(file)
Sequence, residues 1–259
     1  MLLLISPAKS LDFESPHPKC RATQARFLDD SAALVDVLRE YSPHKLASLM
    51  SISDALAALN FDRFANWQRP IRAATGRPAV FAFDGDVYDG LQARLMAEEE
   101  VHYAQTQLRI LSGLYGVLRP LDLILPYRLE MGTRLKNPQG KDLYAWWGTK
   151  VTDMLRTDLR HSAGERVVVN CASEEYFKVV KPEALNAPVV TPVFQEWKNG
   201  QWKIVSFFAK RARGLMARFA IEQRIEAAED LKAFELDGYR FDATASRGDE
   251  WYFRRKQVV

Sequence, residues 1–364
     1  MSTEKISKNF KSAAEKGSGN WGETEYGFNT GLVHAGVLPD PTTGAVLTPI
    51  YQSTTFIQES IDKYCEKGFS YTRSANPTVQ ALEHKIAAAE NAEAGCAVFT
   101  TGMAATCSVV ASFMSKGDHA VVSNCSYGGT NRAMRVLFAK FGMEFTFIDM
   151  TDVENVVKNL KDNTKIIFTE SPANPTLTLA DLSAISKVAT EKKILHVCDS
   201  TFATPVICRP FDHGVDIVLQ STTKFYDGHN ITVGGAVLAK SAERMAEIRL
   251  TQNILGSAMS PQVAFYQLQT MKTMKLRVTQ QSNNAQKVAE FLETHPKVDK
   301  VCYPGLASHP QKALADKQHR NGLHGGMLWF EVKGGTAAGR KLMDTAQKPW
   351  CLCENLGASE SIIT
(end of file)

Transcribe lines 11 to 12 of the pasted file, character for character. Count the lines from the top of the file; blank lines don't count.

   101  TGMAATCSVV ASFMSKGDHA VVSNCSYGGT NRAMRVLFAK FGMEFTFIDM
   151  TDVENVVKNL KDNTKIIFTE SPANPTLTLA DLSAISKVAT EKKILHVCDS